(SAVANNAH) Recovering opiate addicts in the Hostess City react to a new, rare report from a Wall Street investment firm that delves into the economic impact addiction to the drug is having across the country. Goldman Sachs economists produced the report, released last week, which highlights a dire economic consequence tied to rising drug crisis: the labor force participation rate. The opioid crisis has major costs for the U.S. economy. The report says the epidemic is intertwined with the story of declining prime-age workers in the labor market.
Recovering opiod addicts at the Savannah Mission, like Kari Sealander, a former social worker, says she’s lived the findings of the Wall Street report. “I lost my job and uh, ya’ know, I didn’t even try to look for another job because I was addicted to the opiates…and I just found that there was no hope searching for another one.” said Sealander. Robbie Androvette says he started abusing opiates when he was 15. Now, seven years later, he’s in recovery. Androvette says he’s worked entry-level positions in that time, moving from one job to another, but in his experience, addiction drains the will to do a good job even when you get hired. “You’re gonna try and get the , but you’re gonna do it, you know, three-quarters or halfway and uh, but that’s…and you only do the job to support the habit…until you get confronted, ya’ know, with a drug test.” Androvette said.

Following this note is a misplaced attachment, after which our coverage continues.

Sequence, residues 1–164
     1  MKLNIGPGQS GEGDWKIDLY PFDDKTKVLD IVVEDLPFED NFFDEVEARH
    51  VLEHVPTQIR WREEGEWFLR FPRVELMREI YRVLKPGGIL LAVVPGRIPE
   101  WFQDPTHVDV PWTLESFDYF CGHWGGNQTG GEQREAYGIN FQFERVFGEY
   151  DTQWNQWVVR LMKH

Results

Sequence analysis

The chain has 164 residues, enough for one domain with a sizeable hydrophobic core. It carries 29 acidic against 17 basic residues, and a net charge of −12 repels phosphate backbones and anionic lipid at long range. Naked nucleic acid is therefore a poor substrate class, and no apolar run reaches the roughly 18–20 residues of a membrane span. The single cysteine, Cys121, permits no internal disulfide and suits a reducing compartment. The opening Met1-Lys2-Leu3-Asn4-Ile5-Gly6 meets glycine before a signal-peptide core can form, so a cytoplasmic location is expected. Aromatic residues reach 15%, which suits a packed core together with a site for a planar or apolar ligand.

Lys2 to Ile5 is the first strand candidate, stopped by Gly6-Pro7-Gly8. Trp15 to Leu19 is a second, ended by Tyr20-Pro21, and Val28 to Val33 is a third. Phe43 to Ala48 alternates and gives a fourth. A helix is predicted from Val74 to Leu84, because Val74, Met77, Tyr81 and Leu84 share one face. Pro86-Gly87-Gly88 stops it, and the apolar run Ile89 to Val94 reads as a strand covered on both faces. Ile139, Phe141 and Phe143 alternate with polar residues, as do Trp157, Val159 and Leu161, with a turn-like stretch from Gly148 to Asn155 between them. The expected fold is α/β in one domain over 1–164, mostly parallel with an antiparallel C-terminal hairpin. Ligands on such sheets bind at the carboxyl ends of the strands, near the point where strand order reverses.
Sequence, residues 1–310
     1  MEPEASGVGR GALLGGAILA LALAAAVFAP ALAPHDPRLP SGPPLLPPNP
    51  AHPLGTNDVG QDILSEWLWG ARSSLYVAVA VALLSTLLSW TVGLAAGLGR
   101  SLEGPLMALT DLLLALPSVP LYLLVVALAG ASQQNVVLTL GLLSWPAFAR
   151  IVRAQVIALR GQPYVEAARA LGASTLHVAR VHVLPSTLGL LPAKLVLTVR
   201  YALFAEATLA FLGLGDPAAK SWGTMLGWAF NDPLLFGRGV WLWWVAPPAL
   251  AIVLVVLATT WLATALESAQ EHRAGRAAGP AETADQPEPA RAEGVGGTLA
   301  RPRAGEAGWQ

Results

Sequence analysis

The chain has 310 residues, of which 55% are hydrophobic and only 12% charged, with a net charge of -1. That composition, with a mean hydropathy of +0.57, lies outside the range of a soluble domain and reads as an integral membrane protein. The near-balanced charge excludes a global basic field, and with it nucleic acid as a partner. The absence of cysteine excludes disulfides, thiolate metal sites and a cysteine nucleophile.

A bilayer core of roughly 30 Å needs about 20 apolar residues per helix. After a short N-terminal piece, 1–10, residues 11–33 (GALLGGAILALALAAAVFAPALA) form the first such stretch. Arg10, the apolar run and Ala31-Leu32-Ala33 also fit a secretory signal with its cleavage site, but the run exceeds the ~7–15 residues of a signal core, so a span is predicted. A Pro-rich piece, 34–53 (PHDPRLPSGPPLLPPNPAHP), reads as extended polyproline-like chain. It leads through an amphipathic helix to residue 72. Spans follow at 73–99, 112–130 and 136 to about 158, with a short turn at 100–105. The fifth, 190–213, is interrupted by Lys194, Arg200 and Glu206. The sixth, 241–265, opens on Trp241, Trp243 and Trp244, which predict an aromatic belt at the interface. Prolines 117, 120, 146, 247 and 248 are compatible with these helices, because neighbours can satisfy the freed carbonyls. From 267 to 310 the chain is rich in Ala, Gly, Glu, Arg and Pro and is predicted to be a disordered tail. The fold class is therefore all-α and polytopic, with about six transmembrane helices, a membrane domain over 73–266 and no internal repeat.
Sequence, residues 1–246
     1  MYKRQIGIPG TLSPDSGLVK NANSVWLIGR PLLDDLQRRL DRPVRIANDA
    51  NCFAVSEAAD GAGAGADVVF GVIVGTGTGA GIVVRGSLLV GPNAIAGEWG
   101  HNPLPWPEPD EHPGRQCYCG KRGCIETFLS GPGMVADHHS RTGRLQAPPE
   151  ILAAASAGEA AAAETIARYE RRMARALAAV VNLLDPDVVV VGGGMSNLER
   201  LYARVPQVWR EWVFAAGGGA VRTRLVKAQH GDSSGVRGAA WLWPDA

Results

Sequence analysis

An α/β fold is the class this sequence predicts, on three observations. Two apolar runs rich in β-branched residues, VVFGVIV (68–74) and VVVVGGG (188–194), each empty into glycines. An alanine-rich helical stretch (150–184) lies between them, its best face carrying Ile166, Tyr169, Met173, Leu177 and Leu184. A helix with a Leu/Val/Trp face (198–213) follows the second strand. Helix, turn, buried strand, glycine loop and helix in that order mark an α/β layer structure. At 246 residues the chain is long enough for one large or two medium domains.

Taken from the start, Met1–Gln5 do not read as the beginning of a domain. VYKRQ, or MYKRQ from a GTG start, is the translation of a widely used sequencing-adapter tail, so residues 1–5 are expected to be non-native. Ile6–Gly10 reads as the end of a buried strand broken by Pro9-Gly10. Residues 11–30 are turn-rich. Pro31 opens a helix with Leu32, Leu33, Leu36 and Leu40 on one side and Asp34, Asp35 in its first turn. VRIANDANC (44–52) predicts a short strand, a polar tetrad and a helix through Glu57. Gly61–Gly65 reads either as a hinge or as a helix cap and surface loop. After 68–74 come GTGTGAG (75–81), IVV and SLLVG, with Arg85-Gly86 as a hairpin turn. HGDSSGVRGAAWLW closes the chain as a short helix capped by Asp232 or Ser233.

The report points to other effects on the economy, beyond the labor market participation rate, like like lost worker productivity, rising costs in the criminal justice system, and the strain it puts on healthcare system. The most recent study estimates the cost in dollars and cents at $78.5 billion dollars. The labor force participation rate, the number of people working or actively looking for work, has fallen since the Great Recession and has stagnated near 63 percent for the last four years, according to the U.S. Bureau of Labor Statistics. This stagnation comes despite monthly jobs reports, such as the one due Friday, showing a steady pace of job creation and a decline in unemployment. If the opioid epidemic prevents the participation rate from increasing, the Federal Reserve may not be able to fulfill the full employment part of its dual mandate for achieving a strong economy.
Sealander and Androvette epidemic is the right word to describe opiate abuse. “It is widespread. It is everywhere. It doesn’t discriminate, um…and the jobs are available.” Sealander said. “And the fact that it’s affecting more than just, ya’ know, a low level street person, the middle class, to the high class, there’s some thing way deeper inside of that.” said Androvette. Calls to the Georgia Department of Labor for Peach State statistics were not returned.